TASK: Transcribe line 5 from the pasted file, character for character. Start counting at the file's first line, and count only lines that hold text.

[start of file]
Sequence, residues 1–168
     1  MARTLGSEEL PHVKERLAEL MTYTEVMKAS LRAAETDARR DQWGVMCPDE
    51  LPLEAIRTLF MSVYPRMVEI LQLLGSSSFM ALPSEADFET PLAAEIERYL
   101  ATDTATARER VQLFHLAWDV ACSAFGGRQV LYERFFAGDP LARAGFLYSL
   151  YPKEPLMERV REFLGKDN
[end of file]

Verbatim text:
   151  YPKEPLMERV REFLGKDN